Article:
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I am working on scalable fonts.

  • Question: Does a TTF file provide seed points for filling the character?

I am reading the times.ttf file and I created the outlines of characters. Now I am trying to fill this character. Neither floodfill nor scanline fill seems to be suitable.

  • Can you tell me how to do it?
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closed as not a real question by Sinan Ünür, birryree, casablanca, bmargulies, Graviton Nov 14 '10 at 12:55

It's difficult to tell what is being asked here. This question is ambiguous, vague, incomplete, overly broad, or rhetorical and cannot be reasonably answered in its current form. For help clarifying this question so that it can be reopened, visit the help center.If this question can be reworded to fit the rules in the help center, please edit the question.

    
Reading only a little between the lines, and remembering stuff from over 25 years ago, the question is really about "what does the data in a TTF file document - how is the shape of the character described?" Part of the answer seems to be "it contains the points around the outline of the character in some suitable format", and the subsidiary question is "Which area fill algorithm can be used when drawing the character in solid rather than in outline?" –  Jonathan Leffler Nov 12 '10 at 4:39
    
Maybe the information at Wikipedia will help. –  Jonathan Leffler Nov 12 '10 at 4:50
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2 Answers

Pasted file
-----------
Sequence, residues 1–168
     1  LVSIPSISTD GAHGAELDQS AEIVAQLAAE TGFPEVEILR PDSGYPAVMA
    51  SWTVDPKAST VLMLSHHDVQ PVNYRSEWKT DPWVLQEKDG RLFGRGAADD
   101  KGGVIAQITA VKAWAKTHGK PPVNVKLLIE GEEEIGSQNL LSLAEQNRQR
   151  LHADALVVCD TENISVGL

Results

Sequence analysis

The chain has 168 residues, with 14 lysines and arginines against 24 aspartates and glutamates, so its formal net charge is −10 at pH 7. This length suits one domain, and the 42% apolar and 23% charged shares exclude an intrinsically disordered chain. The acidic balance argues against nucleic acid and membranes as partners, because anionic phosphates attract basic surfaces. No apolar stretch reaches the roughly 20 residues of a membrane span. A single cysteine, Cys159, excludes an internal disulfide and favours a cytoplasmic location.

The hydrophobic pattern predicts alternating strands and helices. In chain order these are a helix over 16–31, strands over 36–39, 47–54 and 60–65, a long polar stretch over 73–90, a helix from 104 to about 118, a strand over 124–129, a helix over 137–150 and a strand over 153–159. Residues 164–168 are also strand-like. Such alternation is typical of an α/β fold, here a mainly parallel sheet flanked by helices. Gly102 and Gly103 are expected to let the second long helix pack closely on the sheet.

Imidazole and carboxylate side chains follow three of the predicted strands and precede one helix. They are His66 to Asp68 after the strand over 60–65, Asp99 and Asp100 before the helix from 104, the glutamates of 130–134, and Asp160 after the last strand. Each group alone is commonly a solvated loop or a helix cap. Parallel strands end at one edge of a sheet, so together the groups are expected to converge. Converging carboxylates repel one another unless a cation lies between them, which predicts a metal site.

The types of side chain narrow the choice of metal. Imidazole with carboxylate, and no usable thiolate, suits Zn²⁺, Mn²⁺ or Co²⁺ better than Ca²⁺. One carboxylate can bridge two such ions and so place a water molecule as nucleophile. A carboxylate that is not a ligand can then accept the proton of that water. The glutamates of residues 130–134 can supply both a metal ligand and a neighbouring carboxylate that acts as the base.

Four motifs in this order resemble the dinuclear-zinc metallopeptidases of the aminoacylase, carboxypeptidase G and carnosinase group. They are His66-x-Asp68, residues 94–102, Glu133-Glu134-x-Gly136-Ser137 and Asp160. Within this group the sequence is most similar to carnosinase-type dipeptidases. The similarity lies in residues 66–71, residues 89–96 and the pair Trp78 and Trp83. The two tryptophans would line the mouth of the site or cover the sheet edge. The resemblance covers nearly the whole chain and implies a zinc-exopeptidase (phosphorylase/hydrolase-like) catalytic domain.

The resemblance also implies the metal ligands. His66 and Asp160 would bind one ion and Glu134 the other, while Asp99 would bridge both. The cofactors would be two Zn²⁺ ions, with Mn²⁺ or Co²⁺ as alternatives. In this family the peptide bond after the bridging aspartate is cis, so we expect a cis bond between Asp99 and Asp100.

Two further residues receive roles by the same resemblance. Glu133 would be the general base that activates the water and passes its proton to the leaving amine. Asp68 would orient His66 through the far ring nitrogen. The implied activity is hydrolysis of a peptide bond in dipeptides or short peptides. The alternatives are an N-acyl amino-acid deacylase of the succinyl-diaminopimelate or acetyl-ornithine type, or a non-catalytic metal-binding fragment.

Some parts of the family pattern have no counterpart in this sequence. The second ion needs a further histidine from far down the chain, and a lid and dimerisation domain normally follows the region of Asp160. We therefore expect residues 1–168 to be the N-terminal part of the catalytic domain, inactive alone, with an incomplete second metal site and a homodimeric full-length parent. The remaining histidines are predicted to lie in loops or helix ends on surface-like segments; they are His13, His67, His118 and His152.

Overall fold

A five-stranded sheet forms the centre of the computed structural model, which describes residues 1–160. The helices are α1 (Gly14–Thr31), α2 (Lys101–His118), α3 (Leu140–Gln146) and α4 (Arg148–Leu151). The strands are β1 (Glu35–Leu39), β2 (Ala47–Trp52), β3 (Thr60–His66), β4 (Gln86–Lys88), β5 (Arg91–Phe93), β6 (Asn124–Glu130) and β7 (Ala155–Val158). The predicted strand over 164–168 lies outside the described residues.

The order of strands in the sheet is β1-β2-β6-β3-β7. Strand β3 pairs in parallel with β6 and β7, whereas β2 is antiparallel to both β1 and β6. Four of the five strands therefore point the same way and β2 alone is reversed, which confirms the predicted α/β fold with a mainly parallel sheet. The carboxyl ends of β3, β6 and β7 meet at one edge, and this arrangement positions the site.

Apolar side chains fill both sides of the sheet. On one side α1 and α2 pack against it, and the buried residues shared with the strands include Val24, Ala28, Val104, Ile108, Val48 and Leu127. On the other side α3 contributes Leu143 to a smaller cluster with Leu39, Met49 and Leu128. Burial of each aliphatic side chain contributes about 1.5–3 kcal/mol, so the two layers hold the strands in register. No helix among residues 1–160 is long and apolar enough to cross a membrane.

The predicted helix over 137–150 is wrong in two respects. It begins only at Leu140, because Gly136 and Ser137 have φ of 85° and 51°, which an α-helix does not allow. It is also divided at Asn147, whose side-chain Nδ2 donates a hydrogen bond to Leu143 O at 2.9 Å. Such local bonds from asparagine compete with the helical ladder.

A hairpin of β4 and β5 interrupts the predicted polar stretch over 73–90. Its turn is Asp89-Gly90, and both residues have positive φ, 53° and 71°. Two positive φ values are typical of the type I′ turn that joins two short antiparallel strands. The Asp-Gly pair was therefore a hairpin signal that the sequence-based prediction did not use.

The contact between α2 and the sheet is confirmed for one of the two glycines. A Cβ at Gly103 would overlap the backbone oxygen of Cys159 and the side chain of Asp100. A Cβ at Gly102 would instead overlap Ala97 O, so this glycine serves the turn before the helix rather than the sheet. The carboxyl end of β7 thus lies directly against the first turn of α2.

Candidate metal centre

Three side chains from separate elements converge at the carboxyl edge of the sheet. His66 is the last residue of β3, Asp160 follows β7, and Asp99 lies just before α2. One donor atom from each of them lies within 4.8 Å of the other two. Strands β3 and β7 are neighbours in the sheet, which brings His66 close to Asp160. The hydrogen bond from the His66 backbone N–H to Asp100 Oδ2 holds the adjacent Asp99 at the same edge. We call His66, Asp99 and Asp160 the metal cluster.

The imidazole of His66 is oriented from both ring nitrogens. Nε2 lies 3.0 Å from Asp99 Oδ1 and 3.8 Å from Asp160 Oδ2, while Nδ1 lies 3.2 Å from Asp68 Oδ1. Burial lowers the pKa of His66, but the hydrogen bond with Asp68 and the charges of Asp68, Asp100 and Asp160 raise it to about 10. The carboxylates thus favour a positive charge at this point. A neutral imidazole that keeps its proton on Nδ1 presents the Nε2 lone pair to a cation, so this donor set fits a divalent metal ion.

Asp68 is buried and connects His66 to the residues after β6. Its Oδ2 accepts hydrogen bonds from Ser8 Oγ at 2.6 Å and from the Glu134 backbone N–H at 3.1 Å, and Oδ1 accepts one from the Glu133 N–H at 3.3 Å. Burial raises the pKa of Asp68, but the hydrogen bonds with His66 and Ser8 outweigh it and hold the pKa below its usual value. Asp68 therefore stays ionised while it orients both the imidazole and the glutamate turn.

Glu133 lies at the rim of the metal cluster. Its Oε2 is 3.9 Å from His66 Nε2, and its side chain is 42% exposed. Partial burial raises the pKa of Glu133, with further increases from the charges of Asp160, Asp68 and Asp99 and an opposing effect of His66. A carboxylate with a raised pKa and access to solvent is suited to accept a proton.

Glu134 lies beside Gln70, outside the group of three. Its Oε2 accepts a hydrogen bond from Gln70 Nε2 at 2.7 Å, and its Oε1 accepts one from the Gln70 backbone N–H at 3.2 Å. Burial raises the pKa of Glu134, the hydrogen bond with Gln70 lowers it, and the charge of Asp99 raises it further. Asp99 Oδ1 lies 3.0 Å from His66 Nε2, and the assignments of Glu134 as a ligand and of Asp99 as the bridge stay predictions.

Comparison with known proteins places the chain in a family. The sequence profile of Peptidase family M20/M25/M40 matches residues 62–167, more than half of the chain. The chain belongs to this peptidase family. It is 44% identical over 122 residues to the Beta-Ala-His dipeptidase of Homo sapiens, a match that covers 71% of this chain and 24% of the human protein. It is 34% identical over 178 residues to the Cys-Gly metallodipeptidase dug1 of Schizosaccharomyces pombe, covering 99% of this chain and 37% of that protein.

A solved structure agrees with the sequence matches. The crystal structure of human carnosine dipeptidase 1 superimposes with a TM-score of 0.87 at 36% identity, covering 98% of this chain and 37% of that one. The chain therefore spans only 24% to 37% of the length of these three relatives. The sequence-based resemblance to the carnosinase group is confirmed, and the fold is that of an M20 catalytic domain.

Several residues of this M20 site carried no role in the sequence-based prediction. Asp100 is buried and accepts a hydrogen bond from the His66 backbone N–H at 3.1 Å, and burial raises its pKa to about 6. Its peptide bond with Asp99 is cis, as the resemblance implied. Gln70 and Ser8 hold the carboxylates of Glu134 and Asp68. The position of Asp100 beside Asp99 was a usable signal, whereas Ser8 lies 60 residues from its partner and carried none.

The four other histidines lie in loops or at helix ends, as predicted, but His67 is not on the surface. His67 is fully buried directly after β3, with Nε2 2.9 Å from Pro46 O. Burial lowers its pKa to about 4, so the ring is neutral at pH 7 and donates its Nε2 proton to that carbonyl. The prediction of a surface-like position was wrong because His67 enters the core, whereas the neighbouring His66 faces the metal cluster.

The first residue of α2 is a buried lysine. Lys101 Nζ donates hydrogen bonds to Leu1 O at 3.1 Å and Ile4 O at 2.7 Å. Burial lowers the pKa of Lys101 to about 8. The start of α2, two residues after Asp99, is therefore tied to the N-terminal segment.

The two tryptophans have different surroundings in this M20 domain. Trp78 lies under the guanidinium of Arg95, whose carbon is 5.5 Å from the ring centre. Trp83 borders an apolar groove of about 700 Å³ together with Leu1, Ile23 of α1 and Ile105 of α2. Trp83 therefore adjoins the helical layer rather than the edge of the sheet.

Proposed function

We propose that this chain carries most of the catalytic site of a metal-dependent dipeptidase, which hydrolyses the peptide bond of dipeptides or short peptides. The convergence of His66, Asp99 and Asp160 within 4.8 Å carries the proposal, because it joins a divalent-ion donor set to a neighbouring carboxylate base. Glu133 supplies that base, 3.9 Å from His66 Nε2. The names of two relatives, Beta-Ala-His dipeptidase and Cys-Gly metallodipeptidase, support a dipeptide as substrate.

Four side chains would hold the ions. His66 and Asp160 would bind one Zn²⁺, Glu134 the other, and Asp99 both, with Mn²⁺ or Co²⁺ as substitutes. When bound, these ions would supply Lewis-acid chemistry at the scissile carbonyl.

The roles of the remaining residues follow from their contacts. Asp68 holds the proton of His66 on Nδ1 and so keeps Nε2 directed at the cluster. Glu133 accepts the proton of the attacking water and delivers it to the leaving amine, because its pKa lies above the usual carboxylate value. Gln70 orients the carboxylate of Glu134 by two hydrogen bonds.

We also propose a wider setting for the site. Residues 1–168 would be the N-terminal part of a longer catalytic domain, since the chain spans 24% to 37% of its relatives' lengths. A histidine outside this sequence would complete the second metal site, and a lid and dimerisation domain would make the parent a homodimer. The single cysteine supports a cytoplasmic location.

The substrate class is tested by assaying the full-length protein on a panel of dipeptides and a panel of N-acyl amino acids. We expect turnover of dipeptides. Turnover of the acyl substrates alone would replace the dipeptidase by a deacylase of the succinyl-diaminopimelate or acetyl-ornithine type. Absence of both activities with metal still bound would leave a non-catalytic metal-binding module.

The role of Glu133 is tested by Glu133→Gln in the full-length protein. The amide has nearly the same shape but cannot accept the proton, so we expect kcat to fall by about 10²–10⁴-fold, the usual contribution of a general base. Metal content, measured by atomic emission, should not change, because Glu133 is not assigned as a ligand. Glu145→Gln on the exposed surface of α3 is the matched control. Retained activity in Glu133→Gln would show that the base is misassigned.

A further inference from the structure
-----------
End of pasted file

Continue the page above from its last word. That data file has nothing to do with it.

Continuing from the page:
TrueType uses the non-zero winding rule, not flood fill; there are no seed points.

This rule is fairly easy to implement in a scan-line rasterizer. For each edge of the polygonized outline, you keep track of whether the edge goes "downwards" (y2 < y1) or not. Your scanline rasterizer will process all active edges for every scanline from left to right. Add some integer variable winding. At the beginning of each scanline, set it to 0. Whenever you encounter a "downwards" edge, increment winding, and when you encounter an "upwards" edge, decrement winding. All the pixels for which winding is non-zero should be filled. The resulting code is very similar to the simpler even-odd fill rule described in most textbooks. As a matter of fact you can get emulate the even-odd rule using winding: Instead of filling all areas where winding != 0, fill all areas where winding is odd - (winding % 2) != 0.

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I'm not sure if this helps, but in .Net, you create a GraphicsPath gp and call:

gp.AddString(string s)

From there, you can use:

gp.PathPoints

and

gp.PathTypes

to determine the vector operation at each of those points. It's really pretty straight-forward in .Net, but I'm not sure about straight C.

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